The 1979 Three Mile Island Meltdown Made 'China Syndrome' Seem Prophetic
By | March 20, 2019
There's one place-name that will always make Americans balk at the idea of "safe" nuclear power: Three Mile Island. The nuclear reactor complex in Pennsylvania was the site of a partial nuclear meltdown in 1979, and what's worse, the chain of events had a lot in common with The China Syndrome, a disaster movie in theaters at the time. It was a PR nightmare for the Three Mile Island facility -- and a PR bonanza for the film. For an American public that had been struggling with an energy and gas crisis, the Three Mile Island incident was more than a little disheartening.
In the decades following World War II, the public was told that the nuclear age promised more than just apocalyptic warfare -- atomic power was billed as clean, inexpensive energy. Eyes were opened in March of 1979 when the nuclear power plant at Three Mile Island in Pennsylvania experienced a partial meltdown, leading to the biggest nuclear disaster in the history of the U.S. nuclear age. At the time, nearby residents of the nuclear power plant had no idea how close they came to being showered with potentially-lethal radioactive gases. Let’s look at an overview of the Three Mile Island nuclear disaster that almost melted a hole in the earth all the way to China.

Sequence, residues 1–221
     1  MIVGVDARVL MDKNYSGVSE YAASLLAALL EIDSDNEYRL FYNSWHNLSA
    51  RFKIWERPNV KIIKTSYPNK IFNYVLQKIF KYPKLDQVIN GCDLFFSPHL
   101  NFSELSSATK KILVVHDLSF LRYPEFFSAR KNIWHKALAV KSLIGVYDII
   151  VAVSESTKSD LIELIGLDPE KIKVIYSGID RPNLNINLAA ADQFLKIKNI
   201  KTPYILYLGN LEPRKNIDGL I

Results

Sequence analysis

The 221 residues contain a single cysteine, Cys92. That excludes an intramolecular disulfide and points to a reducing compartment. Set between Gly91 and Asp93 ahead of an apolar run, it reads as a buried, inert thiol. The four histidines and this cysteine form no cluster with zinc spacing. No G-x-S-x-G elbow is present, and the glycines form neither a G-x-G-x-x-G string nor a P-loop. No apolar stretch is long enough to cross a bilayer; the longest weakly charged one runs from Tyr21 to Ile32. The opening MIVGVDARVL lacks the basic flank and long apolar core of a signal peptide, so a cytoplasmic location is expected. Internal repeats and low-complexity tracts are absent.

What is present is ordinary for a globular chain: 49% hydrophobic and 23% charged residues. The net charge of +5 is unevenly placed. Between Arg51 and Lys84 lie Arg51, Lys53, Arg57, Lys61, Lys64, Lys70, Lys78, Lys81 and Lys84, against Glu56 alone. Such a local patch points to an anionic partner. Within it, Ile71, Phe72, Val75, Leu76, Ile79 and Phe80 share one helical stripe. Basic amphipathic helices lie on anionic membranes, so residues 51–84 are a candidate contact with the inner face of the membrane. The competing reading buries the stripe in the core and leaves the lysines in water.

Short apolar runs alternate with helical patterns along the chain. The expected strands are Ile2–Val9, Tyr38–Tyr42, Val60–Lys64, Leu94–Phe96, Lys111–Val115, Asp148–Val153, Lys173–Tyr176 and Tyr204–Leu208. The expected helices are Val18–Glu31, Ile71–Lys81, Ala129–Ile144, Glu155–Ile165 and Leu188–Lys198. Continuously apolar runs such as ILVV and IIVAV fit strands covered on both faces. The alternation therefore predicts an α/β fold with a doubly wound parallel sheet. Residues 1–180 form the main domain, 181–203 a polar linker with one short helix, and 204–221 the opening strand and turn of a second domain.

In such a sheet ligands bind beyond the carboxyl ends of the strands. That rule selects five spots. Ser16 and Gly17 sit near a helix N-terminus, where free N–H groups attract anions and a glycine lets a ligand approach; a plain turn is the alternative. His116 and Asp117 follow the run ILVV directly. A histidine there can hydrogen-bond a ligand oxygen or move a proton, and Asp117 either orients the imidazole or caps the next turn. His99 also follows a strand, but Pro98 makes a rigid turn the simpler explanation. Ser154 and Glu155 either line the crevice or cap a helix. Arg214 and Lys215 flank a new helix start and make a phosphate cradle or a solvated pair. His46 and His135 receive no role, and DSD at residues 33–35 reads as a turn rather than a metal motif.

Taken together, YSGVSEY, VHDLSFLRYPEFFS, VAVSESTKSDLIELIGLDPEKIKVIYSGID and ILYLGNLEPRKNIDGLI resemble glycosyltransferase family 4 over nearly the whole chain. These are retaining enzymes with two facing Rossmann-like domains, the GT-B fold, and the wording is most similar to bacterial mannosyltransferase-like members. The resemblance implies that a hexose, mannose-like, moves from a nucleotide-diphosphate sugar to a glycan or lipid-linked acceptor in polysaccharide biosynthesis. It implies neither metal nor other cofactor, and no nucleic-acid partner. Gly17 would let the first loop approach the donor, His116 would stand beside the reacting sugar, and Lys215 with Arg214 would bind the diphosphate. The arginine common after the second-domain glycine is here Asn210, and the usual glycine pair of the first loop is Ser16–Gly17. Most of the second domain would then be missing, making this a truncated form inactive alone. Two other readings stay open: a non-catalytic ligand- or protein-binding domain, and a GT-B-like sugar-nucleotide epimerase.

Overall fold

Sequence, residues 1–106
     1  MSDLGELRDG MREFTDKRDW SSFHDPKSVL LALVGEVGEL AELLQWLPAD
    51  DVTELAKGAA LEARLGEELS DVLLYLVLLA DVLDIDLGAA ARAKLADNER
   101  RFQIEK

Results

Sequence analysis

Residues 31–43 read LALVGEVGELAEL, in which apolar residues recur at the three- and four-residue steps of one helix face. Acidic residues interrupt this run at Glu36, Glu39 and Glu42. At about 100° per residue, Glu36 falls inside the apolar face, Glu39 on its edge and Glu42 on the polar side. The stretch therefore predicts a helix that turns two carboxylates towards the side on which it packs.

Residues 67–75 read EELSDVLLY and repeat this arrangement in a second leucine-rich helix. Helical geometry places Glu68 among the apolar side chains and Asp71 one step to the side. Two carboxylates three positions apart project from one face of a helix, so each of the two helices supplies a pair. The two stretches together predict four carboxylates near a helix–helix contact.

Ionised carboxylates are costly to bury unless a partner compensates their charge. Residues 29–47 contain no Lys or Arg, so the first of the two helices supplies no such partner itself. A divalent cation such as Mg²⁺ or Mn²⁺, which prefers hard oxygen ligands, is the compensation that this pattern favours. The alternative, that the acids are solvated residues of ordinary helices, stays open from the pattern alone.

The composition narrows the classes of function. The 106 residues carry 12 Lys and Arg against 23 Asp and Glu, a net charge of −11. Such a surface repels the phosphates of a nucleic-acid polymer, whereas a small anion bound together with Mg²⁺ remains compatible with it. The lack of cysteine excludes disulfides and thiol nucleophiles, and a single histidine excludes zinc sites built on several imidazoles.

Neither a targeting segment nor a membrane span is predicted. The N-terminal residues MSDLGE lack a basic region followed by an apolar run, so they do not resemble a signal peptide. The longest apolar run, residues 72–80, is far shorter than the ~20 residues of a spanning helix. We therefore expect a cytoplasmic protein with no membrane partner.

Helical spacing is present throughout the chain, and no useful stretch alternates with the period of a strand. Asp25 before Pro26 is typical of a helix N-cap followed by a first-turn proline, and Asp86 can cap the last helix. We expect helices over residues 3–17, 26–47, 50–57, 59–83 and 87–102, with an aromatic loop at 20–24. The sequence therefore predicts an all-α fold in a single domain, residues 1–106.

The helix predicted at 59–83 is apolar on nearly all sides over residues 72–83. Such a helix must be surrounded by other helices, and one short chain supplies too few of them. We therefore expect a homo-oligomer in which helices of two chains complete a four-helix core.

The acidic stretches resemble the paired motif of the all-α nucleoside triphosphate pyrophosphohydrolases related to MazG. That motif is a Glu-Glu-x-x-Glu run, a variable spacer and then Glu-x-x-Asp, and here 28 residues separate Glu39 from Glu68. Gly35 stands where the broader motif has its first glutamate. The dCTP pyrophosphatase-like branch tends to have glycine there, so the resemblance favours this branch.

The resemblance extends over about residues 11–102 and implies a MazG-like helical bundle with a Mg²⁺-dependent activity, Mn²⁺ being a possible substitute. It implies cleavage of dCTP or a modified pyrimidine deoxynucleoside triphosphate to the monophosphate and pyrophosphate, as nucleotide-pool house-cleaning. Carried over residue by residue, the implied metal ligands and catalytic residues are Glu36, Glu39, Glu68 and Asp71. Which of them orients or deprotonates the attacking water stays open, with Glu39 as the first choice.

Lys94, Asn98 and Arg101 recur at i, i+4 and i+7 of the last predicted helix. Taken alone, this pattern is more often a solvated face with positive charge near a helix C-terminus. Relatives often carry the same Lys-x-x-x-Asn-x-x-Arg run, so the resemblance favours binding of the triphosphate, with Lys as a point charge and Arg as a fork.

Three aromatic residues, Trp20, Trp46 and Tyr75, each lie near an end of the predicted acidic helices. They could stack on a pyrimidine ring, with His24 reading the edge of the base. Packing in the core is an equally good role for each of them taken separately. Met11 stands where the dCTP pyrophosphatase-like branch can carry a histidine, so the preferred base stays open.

Three Mile Island And 'The China Syndrome'
In early March 1979, the disaster movie, The China Syndrome, starring Jack Lemmon, Michael Douglas, and Jane Fonda, was released. Following the trend of other disaster movies of the 1970s, The China Syndrome focused on a deadly meltdown at a nuclear power plant. The name of the movie was taken from a phrase stating that a nuclear meltdown could be so bad that it would melt a hole deep into the Earth all the way to China. When the movie was released, the United States's nuclear power industry panned it, claiming that the film was pure fiction and that it smeared the exemplary reputation of nuclear energy. Twelve days later, the Three Mile Island accident occurred. The China Syndrome helped fan public fears after the accident. But the accident also helped the movie sell more tickets.